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Holding his young daughter in the warm Saturday morning sun, Francisco Garibay’s gaze seemed to be directed toward the spot where his family’s home will be constructed in the coming months.

Garibay, his wife and their six children currently live in a three-bedroom apartment and as one might imagine, it’s cramped to the last inch. No one would blame Garibay if he paused for a moment to imagine what life would be like a year from now.

“I can’t wait to have a home where my kids can have a place where they can play and be free,” Garibay said. “That’s what I’m waiting for.”

With Benton Habitat for Humanity’s six-lot affordable housing development in Philomath breaking ground, the wait for Garibay’s family and others in line for a home has grown shorter.

Bill Gellatly, who descends from the same family that settled the Philomath region more than 140 years ago, said the next home constructed will be the 40th since Benton Habitat for Humanity was established in 1991.

“When we’re all done, we’ll have six homes,” Gellatly, who sits on Benton Habitat’s board of directors, said in reference to the organization’s Woodlands development. “I don’t like to think about this as a product. … In this case, the product is creating families that have a better future.”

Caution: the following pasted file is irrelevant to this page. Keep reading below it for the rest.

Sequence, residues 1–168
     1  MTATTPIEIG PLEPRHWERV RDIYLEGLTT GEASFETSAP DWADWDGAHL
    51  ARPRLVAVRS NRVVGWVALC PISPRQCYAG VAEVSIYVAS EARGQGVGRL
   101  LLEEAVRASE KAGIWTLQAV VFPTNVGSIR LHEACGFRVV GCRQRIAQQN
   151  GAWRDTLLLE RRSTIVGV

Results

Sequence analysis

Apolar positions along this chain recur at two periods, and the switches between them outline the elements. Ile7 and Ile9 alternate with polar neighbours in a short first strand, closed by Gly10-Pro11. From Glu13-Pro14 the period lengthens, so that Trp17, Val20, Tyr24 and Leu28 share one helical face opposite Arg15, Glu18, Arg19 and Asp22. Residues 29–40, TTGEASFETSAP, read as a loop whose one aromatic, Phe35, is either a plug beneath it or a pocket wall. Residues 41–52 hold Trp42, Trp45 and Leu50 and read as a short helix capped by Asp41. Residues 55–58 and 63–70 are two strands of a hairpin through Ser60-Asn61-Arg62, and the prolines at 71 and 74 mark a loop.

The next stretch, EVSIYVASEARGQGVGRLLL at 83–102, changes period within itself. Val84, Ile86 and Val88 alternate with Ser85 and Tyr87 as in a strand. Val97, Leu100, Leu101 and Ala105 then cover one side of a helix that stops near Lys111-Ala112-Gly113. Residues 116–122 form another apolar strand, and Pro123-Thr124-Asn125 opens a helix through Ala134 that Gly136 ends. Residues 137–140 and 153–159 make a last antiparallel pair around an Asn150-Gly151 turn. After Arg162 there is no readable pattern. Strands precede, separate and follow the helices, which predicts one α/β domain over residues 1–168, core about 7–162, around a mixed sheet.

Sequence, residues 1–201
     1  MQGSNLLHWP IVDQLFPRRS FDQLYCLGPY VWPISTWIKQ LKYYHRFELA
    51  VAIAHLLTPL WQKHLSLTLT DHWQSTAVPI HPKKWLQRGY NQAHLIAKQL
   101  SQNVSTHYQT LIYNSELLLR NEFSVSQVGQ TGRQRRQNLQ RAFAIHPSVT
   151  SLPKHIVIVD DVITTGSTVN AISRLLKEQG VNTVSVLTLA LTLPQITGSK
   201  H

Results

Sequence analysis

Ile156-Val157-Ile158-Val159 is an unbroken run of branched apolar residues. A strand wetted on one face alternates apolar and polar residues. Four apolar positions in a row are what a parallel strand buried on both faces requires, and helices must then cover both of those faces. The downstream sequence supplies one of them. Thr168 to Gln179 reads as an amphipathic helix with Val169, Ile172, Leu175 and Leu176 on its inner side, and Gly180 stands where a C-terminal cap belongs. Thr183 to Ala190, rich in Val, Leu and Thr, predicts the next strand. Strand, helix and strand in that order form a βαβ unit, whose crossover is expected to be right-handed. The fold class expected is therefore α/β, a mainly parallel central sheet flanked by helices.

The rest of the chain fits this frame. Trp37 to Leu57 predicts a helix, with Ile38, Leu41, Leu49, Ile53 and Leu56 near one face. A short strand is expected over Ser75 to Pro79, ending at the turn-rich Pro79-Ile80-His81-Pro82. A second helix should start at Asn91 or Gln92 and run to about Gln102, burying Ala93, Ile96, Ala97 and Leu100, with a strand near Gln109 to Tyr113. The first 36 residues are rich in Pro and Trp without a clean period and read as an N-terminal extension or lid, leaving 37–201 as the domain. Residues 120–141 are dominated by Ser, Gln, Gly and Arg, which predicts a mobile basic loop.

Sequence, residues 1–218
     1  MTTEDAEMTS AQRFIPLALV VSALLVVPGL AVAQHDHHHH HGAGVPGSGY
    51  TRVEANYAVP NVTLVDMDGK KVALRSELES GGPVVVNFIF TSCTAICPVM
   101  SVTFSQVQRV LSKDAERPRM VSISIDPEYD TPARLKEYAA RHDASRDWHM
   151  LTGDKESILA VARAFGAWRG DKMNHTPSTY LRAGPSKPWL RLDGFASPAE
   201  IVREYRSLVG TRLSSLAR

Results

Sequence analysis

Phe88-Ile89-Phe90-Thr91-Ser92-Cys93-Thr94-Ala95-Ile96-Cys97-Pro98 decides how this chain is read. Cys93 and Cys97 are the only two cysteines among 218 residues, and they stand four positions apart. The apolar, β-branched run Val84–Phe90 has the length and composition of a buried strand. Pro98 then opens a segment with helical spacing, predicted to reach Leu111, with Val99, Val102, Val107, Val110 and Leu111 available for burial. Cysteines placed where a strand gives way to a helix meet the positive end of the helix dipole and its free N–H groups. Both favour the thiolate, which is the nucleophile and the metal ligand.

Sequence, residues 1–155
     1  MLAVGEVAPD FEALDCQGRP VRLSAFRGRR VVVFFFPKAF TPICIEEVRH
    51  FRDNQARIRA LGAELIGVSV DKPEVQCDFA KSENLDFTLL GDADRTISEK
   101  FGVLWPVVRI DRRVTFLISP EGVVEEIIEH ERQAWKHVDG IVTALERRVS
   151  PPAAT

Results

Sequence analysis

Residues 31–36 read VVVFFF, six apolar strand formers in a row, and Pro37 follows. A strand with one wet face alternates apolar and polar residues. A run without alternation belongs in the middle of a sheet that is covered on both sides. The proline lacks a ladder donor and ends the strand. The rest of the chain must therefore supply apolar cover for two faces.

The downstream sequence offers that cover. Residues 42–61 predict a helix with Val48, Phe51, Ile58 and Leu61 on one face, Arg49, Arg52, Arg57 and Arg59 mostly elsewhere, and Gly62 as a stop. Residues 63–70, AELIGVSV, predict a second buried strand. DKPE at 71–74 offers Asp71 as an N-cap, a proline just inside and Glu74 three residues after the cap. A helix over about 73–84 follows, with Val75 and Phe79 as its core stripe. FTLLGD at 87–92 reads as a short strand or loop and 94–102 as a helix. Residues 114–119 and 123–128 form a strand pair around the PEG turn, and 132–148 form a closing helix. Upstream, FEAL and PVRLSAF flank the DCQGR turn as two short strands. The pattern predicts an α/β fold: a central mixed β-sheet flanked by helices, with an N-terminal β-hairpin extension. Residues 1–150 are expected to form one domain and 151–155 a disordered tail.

Benton Habitat officials, including board president Van Melick, executive director Karen Rockwell, development manager Daniel Sidder, construction manager Doug Davis and several others were on hand for Saturday’s groundbreaking along with community leaders and two of the three families selected to live in the Woodlands, which is located on North Ninth Street.

Preliminary work on the first home, which will be constructed on a 7,619-square-foot corner lot, started with the utility phase. Sidder said the hope is to begin actual construction within the next month.

“The idea is that about four months later, we’ll start on the next one,” Sidder said. “(We expect to take) about eight months per home and we’ll sequence it out that way.”